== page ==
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A Blockchain-Enabled Mutual Fund

Deloitte has previously done some research into the impact of blockchain on mutual fund administration. The firm’s Luxembourg branch subsequently published a paper detailing how a blockchain mutual fund can eliminate many of the intermediate steps involved in fund subscription. In turn, this substantially reduces processing times.

In the first instance, an investor would need to have a digital wallet. This wallet would hold their digital identity and the digital currency they want to invest in the blockchain mutual fund.

Everyone who subscribes to a mutual fund must undergo a “know your customer” (KYC) and anti-money laundering (AML) check. With a blockchain-based digital identity, there is no need for an external third party to perform these checks. Smart contracts on a blockchain can conduct an electronic KYC/AML check, and then automatically subscribe those investors who successfully pass the check.

The rest of the sign-up can then happen virtually in real-time. The blockchain mutual fund smart contract can also compute the net asset value (NAV) of the investment and process the transfer of digital money in exchange for the fund investment. Customer account balances can be recorded on the blockchain, communicating with the smart contract as needed. 

Diagram of the blockchain mutual fund model
Diagram of the blockchain mutual fund model. Image credit: Deloitte

With a user interface via a smartphone app, the investor can watch their fund balance go up or down. When the time comes to pay out dividends, the smart contract executes the payment automatically, depositing proceeds into the customer’s digital wallet. There is no need for a third party to oversee or intermediate any of these processes because all actions take place automatically through the law of code.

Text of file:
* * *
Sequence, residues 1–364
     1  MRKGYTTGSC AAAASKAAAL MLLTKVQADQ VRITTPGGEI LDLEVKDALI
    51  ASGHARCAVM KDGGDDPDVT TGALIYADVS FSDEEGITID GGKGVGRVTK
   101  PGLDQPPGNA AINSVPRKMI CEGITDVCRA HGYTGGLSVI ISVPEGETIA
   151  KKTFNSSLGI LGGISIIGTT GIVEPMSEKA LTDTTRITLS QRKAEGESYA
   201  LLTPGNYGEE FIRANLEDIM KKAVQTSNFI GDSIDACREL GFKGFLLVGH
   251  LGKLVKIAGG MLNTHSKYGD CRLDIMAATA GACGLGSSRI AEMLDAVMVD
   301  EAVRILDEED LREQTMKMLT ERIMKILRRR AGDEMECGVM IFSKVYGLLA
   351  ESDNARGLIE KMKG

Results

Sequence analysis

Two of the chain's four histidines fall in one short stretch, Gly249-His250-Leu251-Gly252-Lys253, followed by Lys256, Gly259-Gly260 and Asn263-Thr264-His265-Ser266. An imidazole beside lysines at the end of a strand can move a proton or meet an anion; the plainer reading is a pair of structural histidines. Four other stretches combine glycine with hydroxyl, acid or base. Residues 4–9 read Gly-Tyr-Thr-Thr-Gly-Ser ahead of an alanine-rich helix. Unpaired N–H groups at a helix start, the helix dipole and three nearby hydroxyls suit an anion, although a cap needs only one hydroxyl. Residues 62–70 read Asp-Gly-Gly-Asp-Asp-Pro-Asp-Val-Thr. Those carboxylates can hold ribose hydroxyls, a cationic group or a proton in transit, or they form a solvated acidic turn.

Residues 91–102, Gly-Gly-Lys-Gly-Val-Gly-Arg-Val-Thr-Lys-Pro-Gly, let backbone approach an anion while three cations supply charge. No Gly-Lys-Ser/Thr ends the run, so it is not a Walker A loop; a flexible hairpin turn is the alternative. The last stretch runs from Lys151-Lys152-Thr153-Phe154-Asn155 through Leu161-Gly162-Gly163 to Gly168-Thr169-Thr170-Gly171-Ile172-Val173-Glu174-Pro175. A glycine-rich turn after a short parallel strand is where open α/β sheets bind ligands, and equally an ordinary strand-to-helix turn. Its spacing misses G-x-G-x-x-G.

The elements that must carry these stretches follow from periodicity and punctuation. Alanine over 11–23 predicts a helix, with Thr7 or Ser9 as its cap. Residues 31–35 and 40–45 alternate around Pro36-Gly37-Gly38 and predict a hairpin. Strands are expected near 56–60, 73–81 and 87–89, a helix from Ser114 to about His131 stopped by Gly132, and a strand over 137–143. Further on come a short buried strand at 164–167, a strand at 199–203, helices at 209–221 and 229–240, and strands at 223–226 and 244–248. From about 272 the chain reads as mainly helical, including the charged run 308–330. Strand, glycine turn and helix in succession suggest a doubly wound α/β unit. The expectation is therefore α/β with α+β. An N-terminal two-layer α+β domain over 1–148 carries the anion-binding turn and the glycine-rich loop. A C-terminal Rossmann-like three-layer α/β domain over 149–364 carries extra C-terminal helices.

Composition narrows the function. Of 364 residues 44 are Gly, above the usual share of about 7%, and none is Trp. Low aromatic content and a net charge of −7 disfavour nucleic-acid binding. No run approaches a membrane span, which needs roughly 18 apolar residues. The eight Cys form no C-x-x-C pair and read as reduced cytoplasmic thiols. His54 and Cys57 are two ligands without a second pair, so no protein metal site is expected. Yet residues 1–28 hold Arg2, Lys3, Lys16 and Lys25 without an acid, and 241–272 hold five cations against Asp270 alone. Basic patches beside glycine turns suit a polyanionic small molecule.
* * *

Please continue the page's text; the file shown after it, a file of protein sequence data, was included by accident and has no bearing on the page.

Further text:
Taking It Further

In a further step, the entire fund management process could eventually become automated using blockchain. The move to security and asset-backed tokens means that, soon, we could see a blockchain-based index fund that rebalances its portfolio all by itself. The blockchain fund could hold digital tokens backed by real-life equities. It would rebalance its portfolio of assets according to rules programmed into a smart contract.

Of course, there are some trade-offs in eliminating humans from the process. Black swan events can happen. Without human intervention, a machine will simply carry on executing regardless of whether markets are behaving unexpectedly.

However, automated fund management offers several potential benefits including very low-fee investing. Passive management of exchange-traded funds (ETFs) has become more prevalent with the evolution of technology.

ETFs have become an attractive investment vehicle precisely because they don’t involve paying a fund management team. This means they offer the potential for greater returns through lower fees. Calastone, a mutual fund transaction network, estimates that implementing blockchain could save over $1.9 billion in the global funds market.

Fully automated blockchain mutual funds are still a long way off. To get there, we need a significantly higher level of adoption than we see right now. However, the financial services industry is rightly excited about the potential that blockchain brings. Blockchain mutual funds are just one possible way in which the technology will transform the investment landscape.

Featured image courtesy of Pixabay